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Department of Otolaryngology

Department of Otolaryngology

Corrective Surgery

 

During the first two weeks of your baby’s life you should make an appointment to see the cleft surgeon, a doctor who specializes in reconstructive surgery and repair of the cleft lip and palate. He or she will discuss all the details of the corrective surgery with you. If your baby has a unilateral cleft lip (on one side), it is normally repaired in the hospital when the child is around three months old. A bilateral cleft involving both sides may require a secondary surgery, which is done several months later.

Prior to surgery, you will have the opportunity to tour the pediatric area and ask any questions relating to the planned procedure. In this way, your anxiety over your baby’s hospitalization may be reduced, and you will be able to take a more supportive role in your child’s postsurgical care.

Corrective lip surgery is performed under general anesthesia and takes about two or three hours. Typically your baby will only remain in the hospital overnight. The surgeon and the nursing team will instruct you on how to care for your child’s lip at home after surgery. The scar may remain red for up to one year following the procedure.

A cleft palate is repaired when your child is between 9 and 18 months of age. Children must be able to drink from a cup before the palate repair, since using a nipple after surgery may damage the stitches. The length of the hospital stay is normally two to four days. Children are allowed to go home when they begin to feel comfortable and are able to drink well.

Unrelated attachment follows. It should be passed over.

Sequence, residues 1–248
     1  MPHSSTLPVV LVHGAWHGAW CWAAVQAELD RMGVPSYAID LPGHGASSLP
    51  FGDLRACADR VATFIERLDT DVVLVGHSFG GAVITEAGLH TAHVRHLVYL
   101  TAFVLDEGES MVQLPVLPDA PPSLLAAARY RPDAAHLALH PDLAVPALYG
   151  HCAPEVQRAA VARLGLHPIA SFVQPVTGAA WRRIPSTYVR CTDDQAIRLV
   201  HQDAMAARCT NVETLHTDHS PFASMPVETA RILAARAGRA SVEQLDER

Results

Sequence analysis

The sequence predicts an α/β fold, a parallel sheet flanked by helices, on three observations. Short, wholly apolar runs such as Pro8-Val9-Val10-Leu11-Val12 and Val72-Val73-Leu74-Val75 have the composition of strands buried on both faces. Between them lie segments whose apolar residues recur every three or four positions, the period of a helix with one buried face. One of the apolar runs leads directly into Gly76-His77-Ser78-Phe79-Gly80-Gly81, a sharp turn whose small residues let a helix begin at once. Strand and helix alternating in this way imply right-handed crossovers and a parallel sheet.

The surgeon and nursing staff will help you prepare your child for the surgery and hospital stay. They will also provide you with detailed instructions for your child’s recovery period. Typically, only one surgery is required to correct the cleft. However, in some cases, additional surgeries may be needed. When a surgical repair for a cleft is completed, your child’s well-being is essential. It is important to protect the repaired tissue, promote healing and provide good nutrition. Medication is available to relieve pain and maximize comfort. If you have any questions, please ask the nursing staff or your physician before your child is discharged from the hospital.

Location:

Department of Otolaryngology - Cleft and Craniofacial Program

Mailing address:

2521 Stockton Blvd., Suite 7200
Sacramento, CA 95817

E-mail:

patricia.gants@ucdmc.ucdavis.edu

Phone:

(916) 734 - 2452